As happened during the global financial crisis, expect fewer deals, although any new issuance in both direct lending or senior secured loans would be likely to have lender-friendly documentation packages and pricing, so there could be attractive opportunities to place new capital further down the line. It is important to note the differences between the market now and how it was heading into the Global Financial Crisis in 2008. There is far less leverage in the system today, and with the growth of private credit, companies have more options to address capital structure issues, meaning that defaults should be contained and recoveries respectable.
- Michael Curtis, Head of Private Credit Strategies
Banks and other financials are well placed to deal with a standard, cyclical recession, but they struggle when faced with this more severe scenario. In a balance sheet recession we would significantly reduce our exposure to financials. Some commodities stocks could also come under pressure as demand falters.
This is the scenario to look for somewhere to hide, and utilities and healthcare firms - those names that act like bond proxies - could be the place to go. The US could also act as a relative safe haven. There would of course be some beneficiaries in the falling rate environment, such as those previously expensive growth names whose discounted cash flows would suddenly look more attractive. For example, subscription model software companies that have strong recurring revenues would be worth investigating.
It would be important to make any defensive moves quickly. No major markets currently reflect this scenario in their valuations, so if a balance sheet recession took hold, prices would correct sharply. You would want to keep your powder dry when it comes to small-cap companies and wait to see how the dust settles. Policymakers would be under enormous pressure to pivot and save the economy. Interest rates would turn sharply, putting growth stocks back in favour towards the end of the year.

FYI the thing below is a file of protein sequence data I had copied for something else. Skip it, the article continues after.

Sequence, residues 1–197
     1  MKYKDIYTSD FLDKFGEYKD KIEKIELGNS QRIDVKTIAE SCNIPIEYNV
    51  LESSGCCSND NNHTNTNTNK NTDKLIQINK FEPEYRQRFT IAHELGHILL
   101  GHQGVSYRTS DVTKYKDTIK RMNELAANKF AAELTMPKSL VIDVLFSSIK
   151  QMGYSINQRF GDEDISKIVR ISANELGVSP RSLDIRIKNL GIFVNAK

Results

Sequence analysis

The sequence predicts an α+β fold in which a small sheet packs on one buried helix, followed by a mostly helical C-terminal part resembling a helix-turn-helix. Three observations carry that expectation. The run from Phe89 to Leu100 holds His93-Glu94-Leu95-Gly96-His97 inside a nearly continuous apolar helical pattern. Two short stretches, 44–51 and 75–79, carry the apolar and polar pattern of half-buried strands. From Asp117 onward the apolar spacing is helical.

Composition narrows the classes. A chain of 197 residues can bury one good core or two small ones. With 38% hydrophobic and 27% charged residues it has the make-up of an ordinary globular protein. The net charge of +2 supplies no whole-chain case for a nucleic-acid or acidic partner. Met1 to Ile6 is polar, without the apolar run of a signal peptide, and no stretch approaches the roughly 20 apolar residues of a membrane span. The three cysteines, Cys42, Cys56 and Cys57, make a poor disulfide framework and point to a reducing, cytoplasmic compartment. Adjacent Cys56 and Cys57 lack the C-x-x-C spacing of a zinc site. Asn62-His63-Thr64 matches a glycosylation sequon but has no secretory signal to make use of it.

- Ilga Haubelt, Head of Equities, Europe; Martin Dropkin, Head of Equities, Asia Pacific
In a balance sheet recession, any growth in the market could prove difficult to find and that naturally leads to more caution. A lot of investors would sell out of the sector altogether, but this might be short-sighted. It would be far better to concentrate on the core of the market and those assets with long leases, collect the income, and wait out the storm. The reliable income from investments such as nursing homes or supermarkets could be particularly attractive in this scenario.
The last time there was a balance sheet recession, during the global financial crisis, there was no concept of a green premium, but that has changed. Now an asset’s sustainability profile could still drive demand even in a difficult recession. This would be down to cost sensitivity - buildings with strong sustainability credentials are more efficient, drastically reducing tenants’ energy bills. Even in this tightened scenario tenants might be happy to pay a rental premium for greener buildings given their overall costs would be cut.
- Neil Cable, Head of European Real Estate Investments
The view on the ground
How our analysts think their sectors would fare in a balance sheet recession:
“Lower rates are helpful for cash flows for food delivery companies. These are somewhat of a special case within the consumer discretionary sector given their immaturity - it’s unclear how their margins will grow as the industry develops, and in many cases they’re only just about to turn free cash flow positive so their value is unusually heavily skewed towards a longer-term view. This makes the interest rate background very important.” - Consumer discretionary equity analyst, Europe
“A deep recession would mean demand gets hit further which implies inventory correction will take longer to finish which in turn implies this downturn gets messier.” - Information technology fixed income analyst, North America
“Defensive sectors, such as grocers within consumer staples, would benefit from the rotation away from cyclicals.” - Consumer staples equity analyst, North America